SLRP: LXXXV. On Some Vain Syllogisms (Part 2: 13 – 19a)



“But what folly it is, when the beginnings of certain things are situated outside our control, to believe that their endings are within our control! How have I the power to bring something to a close, when I have not had the power to check it at the beginning? For it is easier to keep a thing out than to keep it under after you have let it in.”

This is an interesting thought.  My first take on it, is that while we do not choose the impression which are presented to the mind, we might also be presented with a mood, impressions or beliefs which “stick around.”  I’ve tried to treat moods like weather, something not in my control, and my first reading of the above is similar.

However, upon further review, the last sentence sticks out more to me.  Rather than simply accepting that an internal state is what it is, should we seek to change or alter them at the outset, we might be better off than trying to undo a long established habit.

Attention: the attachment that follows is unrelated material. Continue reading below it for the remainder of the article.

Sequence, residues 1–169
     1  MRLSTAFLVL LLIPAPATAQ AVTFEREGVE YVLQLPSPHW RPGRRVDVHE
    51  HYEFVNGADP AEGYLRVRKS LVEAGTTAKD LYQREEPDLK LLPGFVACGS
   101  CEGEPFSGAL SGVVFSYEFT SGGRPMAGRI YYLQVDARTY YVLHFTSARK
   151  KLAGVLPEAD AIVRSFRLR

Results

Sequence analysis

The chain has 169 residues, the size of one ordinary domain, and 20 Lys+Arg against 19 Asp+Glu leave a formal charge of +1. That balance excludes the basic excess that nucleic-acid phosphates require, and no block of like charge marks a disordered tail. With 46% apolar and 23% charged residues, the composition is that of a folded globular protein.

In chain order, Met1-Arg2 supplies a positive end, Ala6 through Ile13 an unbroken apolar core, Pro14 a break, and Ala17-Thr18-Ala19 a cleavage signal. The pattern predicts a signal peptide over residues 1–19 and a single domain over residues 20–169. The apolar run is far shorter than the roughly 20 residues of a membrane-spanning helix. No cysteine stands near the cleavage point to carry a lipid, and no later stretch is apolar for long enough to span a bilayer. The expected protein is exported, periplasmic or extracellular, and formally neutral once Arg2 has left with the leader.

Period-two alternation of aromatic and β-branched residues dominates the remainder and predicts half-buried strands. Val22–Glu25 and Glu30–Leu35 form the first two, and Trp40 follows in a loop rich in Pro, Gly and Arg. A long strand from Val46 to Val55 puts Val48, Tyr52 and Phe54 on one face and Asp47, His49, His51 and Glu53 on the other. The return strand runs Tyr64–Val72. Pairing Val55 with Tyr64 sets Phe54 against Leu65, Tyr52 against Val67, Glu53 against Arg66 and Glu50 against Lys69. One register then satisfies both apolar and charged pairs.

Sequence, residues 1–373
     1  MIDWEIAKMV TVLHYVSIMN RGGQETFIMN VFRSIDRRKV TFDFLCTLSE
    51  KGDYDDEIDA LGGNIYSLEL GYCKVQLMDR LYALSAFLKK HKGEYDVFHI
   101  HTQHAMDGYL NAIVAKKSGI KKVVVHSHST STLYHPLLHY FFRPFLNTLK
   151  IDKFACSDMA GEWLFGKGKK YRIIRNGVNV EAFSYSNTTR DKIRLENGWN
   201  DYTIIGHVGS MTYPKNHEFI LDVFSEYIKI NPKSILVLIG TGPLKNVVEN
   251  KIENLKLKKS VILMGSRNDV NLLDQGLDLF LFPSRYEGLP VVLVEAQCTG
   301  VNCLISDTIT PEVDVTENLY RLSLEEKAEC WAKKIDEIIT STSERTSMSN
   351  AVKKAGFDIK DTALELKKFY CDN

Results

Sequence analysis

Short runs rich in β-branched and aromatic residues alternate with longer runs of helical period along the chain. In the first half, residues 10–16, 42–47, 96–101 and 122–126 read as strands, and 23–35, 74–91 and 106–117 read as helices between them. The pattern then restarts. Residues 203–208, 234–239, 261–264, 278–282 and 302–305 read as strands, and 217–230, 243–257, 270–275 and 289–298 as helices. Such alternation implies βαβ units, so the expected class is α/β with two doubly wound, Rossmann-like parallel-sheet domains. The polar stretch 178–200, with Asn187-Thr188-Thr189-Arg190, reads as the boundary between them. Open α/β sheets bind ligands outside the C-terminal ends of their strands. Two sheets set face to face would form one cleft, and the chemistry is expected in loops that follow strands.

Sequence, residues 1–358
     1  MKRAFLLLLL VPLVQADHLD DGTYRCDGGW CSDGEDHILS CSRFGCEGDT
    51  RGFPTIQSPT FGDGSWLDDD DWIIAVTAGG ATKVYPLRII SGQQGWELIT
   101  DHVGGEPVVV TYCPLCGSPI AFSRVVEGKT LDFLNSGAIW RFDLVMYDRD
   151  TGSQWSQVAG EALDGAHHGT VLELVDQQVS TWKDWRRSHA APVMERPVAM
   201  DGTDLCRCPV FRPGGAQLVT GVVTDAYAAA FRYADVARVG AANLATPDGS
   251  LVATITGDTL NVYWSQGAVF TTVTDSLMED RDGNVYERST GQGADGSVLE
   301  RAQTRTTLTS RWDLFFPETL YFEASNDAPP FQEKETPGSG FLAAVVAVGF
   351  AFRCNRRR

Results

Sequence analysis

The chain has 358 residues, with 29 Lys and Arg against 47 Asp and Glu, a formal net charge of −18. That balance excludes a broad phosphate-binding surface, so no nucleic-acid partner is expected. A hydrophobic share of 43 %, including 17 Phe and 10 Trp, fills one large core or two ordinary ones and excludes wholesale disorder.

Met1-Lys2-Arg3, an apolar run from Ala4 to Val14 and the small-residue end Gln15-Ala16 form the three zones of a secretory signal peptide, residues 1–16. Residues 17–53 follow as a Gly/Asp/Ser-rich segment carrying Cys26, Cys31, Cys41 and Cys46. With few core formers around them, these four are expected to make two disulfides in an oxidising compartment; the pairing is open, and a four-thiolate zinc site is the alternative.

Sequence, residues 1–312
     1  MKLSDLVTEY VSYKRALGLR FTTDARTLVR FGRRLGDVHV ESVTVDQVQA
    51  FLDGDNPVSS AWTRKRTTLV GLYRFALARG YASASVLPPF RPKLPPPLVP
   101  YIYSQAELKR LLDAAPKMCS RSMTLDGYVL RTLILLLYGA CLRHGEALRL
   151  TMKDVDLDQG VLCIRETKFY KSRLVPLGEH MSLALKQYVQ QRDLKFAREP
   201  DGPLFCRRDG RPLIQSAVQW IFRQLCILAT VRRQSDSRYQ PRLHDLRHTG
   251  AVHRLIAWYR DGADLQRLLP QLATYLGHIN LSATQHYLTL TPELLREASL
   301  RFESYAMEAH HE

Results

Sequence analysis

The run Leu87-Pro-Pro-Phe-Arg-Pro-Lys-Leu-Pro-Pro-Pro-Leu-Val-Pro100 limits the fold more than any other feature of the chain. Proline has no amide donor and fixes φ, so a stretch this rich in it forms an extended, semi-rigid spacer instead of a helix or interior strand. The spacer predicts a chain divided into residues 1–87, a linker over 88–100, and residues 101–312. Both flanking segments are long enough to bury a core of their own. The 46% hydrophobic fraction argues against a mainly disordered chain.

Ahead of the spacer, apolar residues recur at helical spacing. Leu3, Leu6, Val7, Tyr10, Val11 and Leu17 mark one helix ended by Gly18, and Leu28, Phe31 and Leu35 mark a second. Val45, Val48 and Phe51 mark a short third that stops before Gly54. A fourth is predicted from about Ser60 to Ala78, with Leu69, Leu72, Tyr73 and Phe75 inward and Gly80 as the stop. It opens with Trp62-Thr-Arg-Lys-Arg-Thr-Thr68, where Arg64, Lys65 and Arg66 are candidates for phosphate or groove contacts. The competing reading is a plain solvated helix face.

“[A]nger, once admitted into the mind, will alter the earlier habit of a mind that was formerly free from anger.”

Ah, indeed.  I’ve seen this in my life.  It is easy to fall into the habit of angry thoughts, jealous thoughts, and ingratitude.  Our character is constantly effected by the quality of our thoughts, as Marcus says, dyed in them.

We color the soul with each assent.  And whether we assent intentionally or not, assent we do.  We are constantly training ourselves in some fashion.

Children are an excellent case in point:  they are always learning, even if their parents are not intending to teach.  Does the example set by them teach self-control, courage, wisdom, gentleness of disposition, freedom, and magnanimity?  Or does it rather teach vindictiveness, judgmental superiority, cruelty, and worse?

In this same way, the ψυχή is taught by our assents.

What are we teaching ourselves today?



Part of Michel Daw’s Reading Plan of Seneca’s Letters.

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